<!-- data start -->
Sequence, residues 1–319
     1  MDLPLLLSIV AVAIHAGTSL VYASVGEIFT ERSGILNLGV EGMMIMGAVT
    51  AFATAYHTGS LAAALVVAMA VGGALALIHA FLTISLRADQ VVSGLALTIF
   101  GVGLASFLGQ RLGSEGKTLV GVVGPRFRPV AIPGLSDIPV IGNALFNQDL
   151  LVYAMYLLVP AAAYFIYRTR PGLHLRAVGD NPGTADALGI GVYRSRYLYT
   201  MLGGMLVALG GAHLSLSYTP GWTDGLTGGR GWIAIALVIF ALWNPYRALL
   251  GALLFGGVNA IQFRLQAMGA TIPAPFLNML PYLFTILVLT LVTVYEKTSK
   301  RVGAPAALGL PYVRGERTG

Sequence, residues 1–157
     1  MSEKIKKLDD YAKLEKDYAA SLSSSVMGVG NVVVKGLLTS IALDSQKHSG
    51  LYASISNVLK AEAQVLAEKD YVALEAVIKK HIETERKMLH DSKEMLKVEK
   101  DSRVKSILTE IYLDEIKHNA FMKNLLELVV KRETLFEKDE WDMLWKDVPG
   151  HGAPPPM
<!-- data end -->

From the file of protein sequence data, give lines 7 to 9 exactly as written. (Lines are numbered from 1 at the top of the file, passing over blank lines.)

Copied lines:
   251  GALLFGGVNA IQFRLQAMGA TIPAPFLNML PYLFTILVLT LVTVYEKTSK
   301  RVGAPAALGL PYVRGERTG

Sequence, residues 1–157